Although there seems to be some debate as to whether or not Kukai (774-835), also known by his posthumous title Kobo Diashi, was ever ordained as a Buddhist priest or monk, there is no question that he is one of the most important figures in Japanese Buddhism.
Kukai was so inspired by the Mahavairocana Sutra that in 804 he took advantage of an opportunity to go on a government-sponsored trip to China in order to learn more about the text. There he encountered the Chen-yen (“Mantra” or “True Word”) school, an esoteric from of Buddhism, and he became the student of two masters, the Indian monk Prajna, and Hui-kuo, a tantric monk. Kukai received various initiations while in China, and returned to Japan carrying copies of important Buddhist sutras and commentaries. He eventually founded the Japanese version of Chen-yen, the Shingon sect, which is still around today.
A key feature of esoteric or tantric Buddhism (also known as Varjayana “Diamond Vehicle”) is the focus on the role the body plays in awakening the mind. As Shashi Bhushan Dasgupta notes in An Introduction to Tantric Buddhism, the tantric schools “hold that the body is the abode of all truth; it is the epitome of the the universe or, in other words, it is the microcosm, and as such embodies the truth of the whole universe.”
In his book, The Bodymind Experience in Japanese Buddhism: A Phenomenolgical Perspective of Kukai and Dogen, David E. Shaner coined the compound “bodymind” to express the non-duality of body and mind: “A close examination of the relation between body and mind in our lived prereflective experience reveals that there is no mediate relationship. We experience and live body and mind as one.”
It is this basic understanding that forms the core of Kukai’s teachings. He expressed the nonduality of bodymind with the term sokushin jobutsu, also the title of a work he composed in his middle forties, Sokushin jobutsu gi. Translated literally, the term is rendered “immediately (soku) mind (shin) become Buddha (jobutsu).” In later times, immediately would truly mean immediately, as in ichinen jobutsu (“buddhahood in a single moment”), but for Kukai it mean in this existence, this lifetime, more or less. Considering that traditionally enlightenment or Buddhahood is attained after many lifetimes, this idea was a bit radical to say the least.
Kukai was not alone in promoting this concept. Saicho, Kukai’s one-time friend and counter-part, who was founder of Japanese Tendai, also used the term. Probably both men were introduced to the concept while in China, and it may have originated in Indian Buddhism, as Kukai used as a source for his treatise a work attributed to Nagarjuna, Aspiration to Enlightenment (very likely apocryphal), that contains the phrase, “we can attain enlightenment in this very existence.” Saicho’s source was the fable from the Lotus Sutra of the Naga king’s daughter, who in a single moment becomes a buddha (unfortunately she must transform herself into a man first).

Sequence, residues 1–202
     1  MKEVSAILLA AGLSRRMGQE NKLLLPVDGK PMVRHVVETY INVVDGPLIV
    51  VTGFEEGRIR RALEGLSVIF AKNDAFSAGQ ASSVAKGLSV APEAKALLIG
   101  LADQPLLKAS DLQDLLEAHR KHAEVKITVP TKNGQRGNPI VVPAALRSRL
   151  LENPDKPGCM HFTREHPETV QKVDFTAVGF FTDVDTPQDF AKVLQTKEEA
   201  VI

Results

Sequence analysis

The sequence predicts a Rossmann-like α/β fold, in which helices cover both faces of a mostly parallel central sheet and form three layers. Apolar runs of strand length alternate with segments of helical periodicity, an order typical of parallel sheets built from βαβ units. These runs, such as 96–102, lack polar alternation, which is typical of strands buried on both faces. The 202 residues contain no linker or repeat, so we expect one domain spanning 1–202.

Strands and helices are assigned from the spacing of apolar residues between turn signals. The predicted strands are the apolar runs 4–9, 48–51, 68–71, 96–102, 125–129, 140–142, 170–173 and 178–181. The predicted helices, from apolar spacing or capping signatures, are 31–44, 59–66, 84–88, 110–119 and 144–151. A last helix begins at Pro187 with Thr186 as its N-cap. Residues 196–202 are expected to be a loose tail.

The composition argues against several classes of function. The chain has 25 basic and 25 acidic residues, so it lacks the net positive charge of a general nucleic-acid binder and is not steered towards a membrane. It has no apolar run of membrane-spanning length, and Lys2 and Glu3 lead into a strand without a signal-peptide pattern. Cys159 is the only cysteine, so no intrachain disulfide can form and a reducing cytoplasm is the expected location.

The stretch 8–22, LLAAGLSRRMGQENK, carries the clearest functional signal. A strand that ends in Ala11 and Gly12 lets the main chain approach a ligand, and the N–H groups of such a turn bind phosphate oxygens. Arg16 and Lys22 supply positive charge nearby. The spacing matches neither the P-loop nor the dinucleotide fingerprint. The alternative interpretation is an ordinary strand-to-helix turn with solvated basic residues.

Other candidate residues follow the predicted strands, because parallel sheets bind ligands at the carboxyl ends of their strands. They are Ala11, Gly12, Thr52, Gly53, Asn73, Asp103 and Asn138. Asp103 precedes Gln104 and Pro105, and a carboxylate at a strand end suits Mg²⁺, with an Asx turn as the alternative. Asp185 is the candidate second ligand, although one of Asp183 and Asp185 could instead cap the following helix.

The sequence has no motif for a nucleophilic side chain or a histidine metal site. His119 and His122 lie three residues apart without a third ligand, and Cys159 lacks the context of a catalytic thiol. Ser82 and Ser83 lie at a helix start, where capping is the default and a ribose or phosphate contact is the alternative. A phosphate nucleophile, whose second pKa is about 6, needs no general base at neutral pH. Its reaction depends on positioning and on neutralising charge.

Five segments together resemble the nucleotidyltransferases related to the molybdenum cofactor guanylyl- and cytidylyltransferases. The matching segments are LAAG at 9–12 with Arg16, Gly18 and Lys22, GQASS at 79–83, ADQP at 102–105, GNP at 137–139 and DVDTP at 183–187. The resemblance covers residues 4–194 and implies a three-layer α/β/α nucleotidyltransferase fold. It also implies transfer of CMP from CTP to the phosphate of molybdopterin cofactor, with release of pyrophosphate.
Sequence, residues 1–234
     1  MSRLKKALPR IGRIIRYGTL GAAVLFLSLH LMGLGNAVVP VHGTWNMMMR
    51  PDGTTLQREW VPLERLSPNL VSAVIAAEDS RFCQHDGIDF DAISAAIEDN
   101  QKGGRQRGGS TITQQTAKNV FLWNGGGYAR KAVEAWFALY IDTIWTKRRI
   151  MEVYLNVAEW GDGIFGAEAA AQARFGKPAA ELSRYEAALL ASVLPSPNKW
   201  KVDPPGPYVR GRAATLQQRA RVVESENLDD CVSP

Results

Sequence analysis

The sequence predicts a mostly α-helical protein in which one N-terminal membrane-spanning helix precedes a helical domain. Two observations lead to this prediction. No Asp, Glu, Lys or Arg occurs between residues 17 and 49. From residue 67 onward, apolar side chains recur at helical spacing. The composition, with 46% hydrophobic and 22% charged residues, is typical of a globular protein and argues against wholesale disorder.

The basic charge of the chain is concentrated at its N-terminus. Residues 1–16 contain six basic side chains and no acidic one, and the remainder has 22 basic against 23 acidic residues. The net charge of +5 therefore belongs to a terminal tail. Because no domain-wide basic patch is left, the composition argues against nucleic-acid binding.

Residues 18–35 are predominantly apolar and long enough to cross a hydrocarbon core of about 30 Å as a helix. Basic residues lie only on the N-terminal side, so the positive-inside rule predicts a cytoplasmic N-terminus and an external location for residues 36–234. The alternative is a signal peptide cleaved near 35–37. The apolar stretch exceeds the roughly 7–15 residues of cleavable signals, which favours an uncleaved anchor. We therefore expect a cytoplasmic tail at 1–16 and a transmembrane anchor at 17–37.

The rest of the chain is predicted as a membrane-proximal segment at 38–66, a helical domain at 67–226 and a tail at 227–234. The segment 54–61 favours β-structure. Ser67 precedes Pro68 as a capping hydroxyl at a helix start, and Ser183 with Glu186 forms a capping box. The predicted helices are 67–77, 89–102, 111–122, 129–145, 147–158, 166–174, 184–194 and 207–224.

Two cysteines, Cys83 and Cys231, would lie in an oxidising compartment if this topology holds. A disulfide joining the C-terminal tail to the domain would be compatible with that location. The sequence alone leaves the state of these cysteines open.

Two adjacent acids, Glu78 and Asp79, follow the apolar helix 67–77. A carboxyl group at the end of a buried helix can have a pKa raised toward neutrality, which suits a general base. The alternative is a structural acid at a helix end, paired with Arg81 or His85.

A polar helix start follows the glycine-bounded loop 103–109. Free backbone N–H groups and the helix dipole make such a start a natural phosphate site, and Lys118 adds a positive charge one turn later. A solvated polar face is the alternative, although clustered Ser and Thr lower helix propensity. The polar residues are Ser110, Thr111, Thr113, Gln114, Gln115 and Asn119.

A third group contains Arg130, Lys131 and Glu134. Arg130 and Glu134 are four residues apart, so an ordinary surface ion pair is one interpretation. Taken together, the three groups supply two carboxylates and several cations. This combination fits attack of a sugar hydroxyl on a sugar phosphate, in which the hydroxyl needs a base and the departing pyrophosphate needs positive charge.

The Japanese word shin (from the Chinese xin) can mean “mind” or “heart,” and also “body.” For this reason, Kukai’s sokushin jobutsu is often translated as “attaining Buddhahood with this very body.” Yoshito S. Hakeda in Kukai: Major Works explains why:
Judging from the contents of the work by this title, the word ‘body (shin)’ clearly does not mean the body as opposed to the mind but stands for ‘existence’ or ‘body-mind-being’ The choice of the word ‘body’ over the normally expected mind underscores the basic character of Kukai’s religion: emphasis on direct religious experience through one’s total being and not merely through the intellect. Kukai required that any religious teaching withstand the test of actual meditation and of daily life.”
This forms an interesting connection to what I wrote in the last post in regard to the late Ruth Denison and her “body-centered” approach to meditation. When practicing meditation we are often very mindful of the mind, but less mindful of our body. And yet, most of us are aware that body and mind are one, and for that matter, it is not really possible to have any experience that is mind sans body, or vice versa. Denison learned the importance of body awareness in meditation from U Ba Khin who developed a “sweeping” method to focus on the deep interrelationship between mind and body.
How to integrate body awareness into a meditation practice is not a difficult subject, but one that needs to be dealt with another time. For now, these words by Kukai provide the perfect summation:
The Buddha Dharma is nowhere remote. It is in our mind; it is close to us. The element of original enlightenment is nowhere external. If not within our body, where can it be found?”